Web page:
Image by Crissy Jarvis via Unsplash

One of the issues in deciding whether it is correct to say “revenues” is identifying whether or not “revenue” is a countable noun. Most nouns are either countable or uncountable, and some, like “revenue,” can be both, depending on context.

As the name suggests, countable nouns are nouns that we can count. This refers to most nouns such as one ball, two balls, three balls, etc. Uncountable nouns, by contrast, are nouns we cannot count. These include nouns like “air,” “water,” or “love” (source).

Countable Nouns

Any noun that we can treat as a separate thing and, therefore, count noun is a countable noun. Consider the examples below.

  • One car → three cars
  • My friend → my three friends
  • A dog → five dogs

Countable nouns can be singular or plural. We can also use “a/an” before them and many other determiners such as “some,” “few,” “these,” etc.

Uncountable Nouns

We view some nouns in English as a mass that we cannot separate or count. These include the following categories:

  • Experiences and ideas (advice, information, news, work)
  • Substances and materials (silver, water, sugar, rice)
  • Words relating to the weather (snow, thunder, rain, sleet)
  • Names for groups of things (equipment, rubbish, luggage, apparatus) 

We cannot make these plurals, and we cannot place “a/an” before them (source). 

Confusingly, there are some exceptions in English that always have a plural form but are still uncountable because we cannot count them. These include words like “pants,” “spectacles,” “shorts,” or “scissors.” To count these, we need to put other words in front, such as “two pairs of pants” or “a set of binoculars.”

It’s also important to remember that some uncountable nouns in English may be countable in other languages. Therefore, you always need to refer to a good dictionary to ensure you use the correct form of the noun in question.

Nouns That Can Be Both Countable and Uncountable

Like “revenue,” some nouns can be both countable and uncountable, depending on context. Usually, there’s a slight difference in meaning too. These include words such as the following:

IronWhen referring to the appliance
E.g., She bought three irons this year.
When referring to the metal
E.g., This statue is made of iron.
PaperWhen referring to an essay
E.g., I have written two papers on John Donne.
When referring to the material
E.g., There is no paper in the copier.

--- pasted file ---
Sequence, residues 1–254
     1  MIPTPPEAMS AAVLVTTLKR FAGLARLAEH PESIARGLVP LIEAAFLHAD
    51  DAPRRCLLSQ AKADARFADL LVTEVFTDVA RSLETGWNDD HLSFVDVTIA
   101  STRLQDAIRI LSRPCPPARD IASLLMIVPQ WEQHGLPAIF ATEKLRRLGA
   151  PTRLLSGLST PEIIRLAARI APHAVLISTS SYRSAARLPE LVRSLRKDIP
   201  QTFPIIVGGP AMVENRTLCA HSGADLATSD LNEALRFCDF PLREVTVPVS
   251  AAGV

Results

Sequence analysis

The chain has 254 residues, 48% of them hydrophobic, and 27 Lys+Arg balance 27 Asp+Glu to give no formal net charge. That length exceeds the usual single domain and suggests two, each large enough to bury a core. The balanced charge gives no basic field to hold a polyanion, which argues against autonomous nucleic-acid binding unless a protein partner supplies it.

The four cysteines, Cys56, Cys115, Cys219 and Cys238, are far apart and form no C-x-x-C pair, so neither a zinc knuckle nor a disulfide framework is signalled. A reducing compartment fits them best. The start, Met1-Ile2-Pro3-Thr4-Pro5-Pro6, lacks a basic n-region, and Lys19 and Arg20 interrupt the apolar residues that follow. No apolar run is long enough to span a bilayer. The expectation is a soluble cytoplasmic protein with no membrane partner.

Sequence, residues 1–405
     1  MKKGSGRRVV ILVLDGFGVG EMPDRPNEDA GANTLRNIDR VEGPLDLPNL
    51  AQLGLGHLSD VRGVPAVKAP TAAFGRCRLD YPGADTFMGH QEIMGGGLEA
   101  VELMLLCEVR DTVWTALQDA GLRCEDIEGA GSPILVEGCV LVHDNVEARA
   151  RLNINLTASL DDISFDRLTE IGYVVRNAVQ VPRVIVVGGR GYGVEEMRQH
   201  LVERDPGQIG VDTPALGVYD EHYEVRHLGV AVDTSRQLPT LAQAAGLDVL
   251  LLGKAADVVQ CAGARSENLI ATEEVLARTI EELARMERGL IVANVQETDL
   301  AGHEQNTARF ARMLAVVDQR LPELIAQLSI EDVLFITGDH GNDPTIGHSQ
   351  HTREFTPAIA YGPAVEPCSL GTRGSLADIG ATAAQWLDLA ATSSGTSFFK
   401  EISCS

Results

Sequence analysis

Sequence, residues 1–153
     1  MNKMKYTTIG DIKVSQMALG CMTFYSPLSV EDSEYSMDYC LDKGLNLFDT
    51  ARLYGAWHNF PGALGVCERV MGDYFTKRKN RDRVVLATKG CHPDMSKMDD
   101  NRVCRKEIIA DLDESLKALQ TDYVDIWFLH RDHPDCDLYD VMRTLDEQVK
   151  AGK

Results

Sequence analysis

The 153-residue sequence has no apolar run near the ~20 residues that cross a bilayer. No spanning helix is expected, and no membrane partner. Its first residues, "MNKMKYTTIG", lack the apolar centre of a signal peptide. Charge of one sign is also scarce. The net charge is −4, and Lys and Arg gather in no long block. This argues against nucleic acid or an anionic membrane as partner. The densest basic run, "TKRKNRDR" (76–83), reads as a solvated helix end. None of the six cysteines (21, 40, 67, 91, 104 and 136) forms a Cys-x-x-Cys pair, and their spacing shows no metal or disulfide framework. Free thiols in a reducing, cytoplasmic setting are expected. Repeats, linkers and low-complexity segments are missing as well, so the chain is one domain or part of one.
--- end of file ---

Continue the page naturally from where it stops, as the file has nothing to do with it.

WorkWhen referring to a product
E.g., Have you read all the works of William Shakespeare?
When referring to the activity
E.g., This will require many hours of work.
ChickenWhen referring to the animal
E.g., She has four chickens in her garden.
When referring to the food
E.g., Let’s have chicken for dinner. 
SodaWhen referring to the number of drinks
E.g., I’ve catered two sodas per child.
When referring to the drink in general
E.g., Do you like soda?

Determiners to Use With Countable and Uncountable Nouns

When we want to talk about quantity, it’s simple with countable nouns. You can just say “one apple” or “five brothers” or “ten buildings.” However, with uncountable nouns, we use various expressions that are specific to the relevant measure of the noun we are referring to, as we demonstrate in the examples below.

  • She bought a gallon of milk.
  • That’s a valuable snippet of information.
  • We had three inches of rain yesterday.
  • She has arranged many pieces of furniture in the lounge.

We can use other determiners, such as “my,” “his,” “some,” “this,” or “that” freely with uncountable nouns. This article was written for

To learn more about countable and uncountable nouns, read our article “Food vs. Foods: What’s the Difference?

Final Thoughts

Most nouns in English conform to simple rules and are either countable or uncountable. This makes it relatively easy to decide how to use them. But some, like “revenue,” are exceptions, and we have to understand nuances about them before we can master how to use them properly. 

When used as an attributive noun, “revenue” is always singular. When used as a synonym for “income,” “revenue” is also singular. However, when used to describe types of income or different streams of income, then we can use the plural “revenues.” 

Luckily, “revenue” is a word that is mostly used in a business context and not one that we’ll need to use often in everyday conversation.